The session “Endow Now: A Game-Changing Strategy for Investing in Racial Justice” focused on the small endowments of Black organizations. During the session, Dr. John Jackson (Schott Foundation) described how and why our sector needs to approach sustainability differently than before. Trust-based philanthropy requires that funders not only provide unrestricted support—it also requires that funders provide sustainable funding by building organizations’ endowments. “Racial justice organizations are doing more with less. They can do more with more,” Dr. Jackson said. “Movements are in it for the long haul. Their resources should be too.”
4. Change moves at the speed of trust.
In the session “Justice 40 Accelerator: Centering Racial Equity as a Way to Radically Reimagine the Federal Resource,” there was a panelist discussion about how philanthropy can support frontline organizations. Speakers encouraged philanthropy to put in the time and effort to build trust with the community and community leaders to better understand what they do. Philanthropy should encourage relational organizing, providing frontlines workers with the technical connections and capacities they need.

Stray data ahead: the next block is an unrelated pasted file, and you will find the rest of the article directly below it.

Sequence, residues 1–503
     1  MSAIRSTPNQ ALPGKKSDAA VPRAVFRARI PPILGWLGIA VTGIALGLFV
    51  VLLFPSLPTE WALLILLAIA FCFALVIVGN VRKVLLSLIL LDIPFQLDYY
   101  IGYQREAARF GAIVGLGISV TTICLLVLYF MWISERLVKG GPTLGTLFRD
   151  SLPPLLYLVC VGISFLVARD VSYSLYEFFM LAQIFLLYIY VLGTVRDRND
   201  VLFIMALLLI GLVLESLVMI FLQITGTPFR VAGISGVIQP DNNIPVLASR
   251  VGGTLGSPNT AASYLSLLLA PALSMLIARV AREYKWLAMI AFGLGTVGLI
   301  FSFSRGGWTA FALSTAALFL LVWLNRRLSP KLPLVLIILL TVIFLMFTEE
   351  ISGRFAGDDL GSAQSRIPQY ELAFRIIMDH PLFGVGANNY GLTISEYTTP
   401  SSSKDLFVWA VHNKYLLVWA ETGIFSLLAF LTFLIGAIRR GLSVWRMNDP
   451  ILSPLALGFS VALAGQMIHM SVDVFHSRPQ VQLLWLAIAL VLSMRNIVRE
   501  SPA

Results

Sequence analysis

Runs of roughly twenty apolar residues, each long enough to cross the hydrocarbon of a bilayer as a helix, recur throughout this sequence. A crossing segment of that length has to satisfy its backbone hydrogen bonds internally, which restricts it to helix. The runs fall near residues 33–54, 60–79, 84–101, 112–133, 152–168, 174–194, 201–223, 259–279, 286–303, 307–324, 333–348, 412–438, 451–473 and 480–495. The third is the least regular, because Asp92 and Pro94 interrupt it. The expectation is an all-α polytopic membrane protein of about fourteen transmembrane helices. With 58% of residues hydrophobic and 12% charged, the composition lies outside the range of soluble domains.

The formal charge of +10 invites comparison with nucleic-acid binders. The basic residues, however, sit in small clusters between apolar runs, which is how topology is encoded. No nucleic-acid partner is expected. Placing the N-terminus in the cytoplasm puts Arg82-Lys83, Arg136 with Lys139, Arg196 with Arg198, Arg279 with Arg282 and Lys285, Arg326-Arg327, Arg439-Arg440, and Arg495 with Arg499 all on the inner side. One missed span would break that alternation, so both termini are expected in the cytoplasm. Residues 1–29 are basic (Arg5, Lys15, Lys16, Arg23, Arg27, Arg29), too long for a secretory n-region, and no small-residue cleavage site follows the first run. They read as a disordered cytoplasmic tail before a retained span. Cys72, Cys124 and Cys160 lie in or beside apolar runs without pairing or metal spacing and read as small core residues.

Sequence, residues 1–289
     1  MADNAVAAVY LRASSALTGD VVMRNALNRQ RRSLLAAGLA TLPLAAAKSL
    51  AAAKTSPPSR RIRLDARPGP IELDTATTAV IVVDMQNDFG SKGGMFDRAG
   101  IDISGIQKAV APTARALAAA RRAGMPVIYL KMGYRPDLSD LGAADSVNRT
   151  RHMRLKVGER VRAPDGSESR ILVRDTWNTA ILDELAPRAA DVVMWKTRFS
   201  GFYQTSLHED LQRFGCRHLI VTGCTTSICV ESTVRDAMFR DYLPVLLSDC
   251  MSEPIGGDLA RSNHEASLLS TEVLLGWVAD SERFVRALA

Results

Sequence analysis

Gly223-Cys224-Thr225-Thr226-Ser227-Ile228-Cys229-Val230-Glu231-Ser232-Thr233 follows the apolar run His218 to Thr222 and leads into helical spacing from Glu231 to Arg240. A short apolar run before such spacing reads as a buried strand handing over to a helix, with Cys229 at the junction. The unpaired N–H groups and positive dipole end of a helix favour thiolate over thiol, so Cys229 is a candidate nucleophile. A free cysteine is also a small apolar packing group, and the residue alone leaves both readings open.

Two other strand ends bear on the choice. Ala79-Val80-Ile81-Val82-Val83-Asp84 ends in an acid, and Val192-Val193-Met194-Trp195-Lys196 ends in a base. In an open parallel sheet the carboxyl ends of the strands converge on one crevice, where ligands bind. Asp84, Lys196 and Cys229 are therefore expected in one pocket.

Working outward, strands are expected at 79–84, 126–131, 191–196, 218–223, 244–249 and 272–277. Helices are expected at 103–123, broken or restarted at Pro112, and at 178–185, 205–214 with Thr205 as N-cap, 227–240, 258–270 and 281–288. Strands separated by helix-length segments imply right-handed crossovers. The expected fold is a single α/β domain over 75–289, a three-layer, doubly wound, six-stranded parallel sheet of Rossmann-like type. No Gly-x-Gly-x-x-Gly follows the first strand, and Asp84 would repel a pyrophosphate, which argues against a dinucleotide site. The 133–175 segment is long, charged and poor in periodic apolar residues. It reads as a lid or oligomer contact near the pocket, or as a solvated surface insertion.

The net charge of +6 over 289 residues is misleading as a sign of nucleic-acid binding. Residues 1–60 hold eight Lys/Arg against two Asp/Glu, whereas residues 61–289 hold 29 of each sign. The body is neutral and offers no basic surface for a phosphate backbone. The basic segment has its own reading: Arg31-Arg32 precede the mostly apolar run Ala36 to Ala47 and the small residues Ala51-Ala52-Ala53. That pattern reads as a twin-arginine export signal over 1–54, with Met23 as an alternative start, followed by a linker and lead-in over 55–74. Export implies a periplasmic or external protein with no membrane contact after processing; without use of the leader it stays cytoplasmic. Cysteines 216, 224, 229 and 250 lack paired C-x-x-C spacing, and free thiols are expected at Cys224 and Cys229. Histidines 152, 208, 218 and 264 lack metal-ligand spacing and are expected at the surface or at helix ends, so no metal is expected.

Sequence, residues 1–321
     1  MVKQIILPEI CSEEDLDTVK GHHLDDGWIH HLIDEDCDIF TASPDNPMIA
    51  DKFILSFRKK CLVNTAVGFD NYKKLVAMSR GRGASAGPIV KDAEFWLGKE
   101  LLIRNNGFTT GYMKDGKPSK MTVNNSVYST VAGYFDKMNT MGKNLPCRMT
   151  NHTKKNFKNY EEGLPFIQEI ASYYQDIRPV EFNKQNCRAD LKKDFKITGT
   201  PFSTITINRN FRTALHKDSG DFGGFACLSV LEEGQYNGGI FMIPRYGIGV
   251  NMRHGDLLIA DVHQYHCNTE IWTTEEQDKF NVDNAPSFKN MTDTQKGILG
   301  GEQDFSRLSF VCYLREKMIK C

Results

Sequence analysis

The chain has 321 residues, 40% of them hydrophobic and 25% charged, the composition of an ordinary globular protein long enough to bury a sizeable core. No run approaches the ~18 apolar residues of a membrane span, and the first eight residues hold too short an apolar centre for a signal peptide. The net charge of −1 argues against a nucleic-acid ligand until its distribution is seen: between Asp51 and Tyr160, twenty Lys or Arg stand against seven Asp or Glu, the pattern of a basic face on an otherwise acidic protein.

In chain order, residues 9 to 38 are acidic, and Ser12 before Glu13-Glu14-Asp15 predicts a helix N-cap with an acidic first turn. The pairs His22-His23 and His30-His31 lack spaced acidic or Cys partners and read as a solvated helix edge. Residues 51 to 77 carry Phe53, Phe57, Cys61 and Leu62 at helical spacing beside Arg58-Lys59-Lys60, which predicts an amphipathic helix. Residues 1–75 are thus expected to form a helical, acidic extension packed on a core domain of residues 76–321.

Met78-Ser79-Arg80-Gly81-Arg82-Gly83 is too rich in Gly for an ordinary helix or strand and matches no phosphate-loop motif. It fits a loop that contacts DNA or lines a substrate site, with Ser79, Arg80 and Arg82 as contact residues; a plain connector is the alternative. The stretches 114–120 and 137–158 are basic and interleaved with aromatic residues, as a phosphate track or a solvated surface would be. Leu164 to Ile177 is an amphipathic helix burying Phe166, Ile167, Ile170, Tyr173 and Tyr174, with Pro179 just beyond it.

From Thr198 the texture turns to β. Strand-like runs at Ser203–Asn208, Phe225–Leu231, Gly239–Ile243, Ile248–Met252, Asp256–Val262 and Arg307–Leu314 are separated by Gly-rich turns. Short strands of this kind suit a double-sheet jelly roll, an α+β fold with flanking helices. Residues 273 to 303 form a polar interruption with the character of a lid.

One panelist, Stacey Grant (Justice40 Accelerator) pointed out the “fundamental contradiction” with how funding works—you must prove you are the most effective, strategic partner, and at the same time, you have to prove that you are the most vulnerable.
5. Organizing is the foundation of our democracy.